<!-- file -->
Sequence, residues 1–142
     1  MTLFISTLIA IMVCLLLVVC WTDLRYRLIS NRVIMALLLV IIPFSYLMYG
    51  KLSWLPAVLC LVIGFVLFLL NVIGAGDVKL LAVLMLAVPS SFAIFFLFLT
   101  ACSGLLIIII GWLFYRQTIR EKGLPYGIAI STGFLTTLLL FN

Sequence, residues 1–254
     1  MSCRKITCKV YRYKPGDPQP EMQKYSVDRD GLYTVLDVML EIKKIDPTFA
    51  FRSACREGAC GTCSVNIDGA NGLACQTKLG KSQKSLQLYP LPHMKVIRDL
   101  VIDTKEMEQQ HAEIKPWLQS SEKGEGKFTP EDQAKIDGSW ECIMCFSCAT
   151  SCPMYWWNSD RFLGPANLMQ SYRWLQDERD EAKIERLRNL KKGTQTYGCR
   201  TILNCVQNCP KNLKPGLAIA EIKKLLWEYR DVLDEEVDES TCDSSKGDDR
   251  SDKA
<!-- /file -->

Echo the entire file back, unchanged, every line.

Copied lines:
Sequence, residues 1–142
     1  MTLFISTLIA IMVCLLLVVC WTDLRYRLIS NRVIMALLLV IIPFSYLMYG
    51  KLSWLPAVLC LVIGFVLFLL NVIGAGDVKL LAVLMLAVPS SFAIFFLFLT
   101  ACSGLLIIII GWLFYRQTIR EKGLPYGIAI STGFLTTLLL FN

Sequence, residues 1–254
     1  MSCRKITCKV YRYKPGDPQP EMQKYSVDRD GLYTVLDVML EIKKIDPTFA
    51  FRSACREGAC GTCSVNIDGA NGLACQTKLG KSQKSLQLYP LPHMKVIRDL
   101  VIDTKEMEQQ HAEIKPWLQS SEKGEGKFTP EDQAKIDGSW ECIMCFSCAT
   151  SCPMYWWNSD RFLGPANLMQ SYRWLQDERD EAKIERLRNL KKGTQTYGCR
   201  TILNCVQNCP KNLKPGLAIA EIKKLLWEYR DVLDEEVDES TCDSSKGDDR
   251  SDKA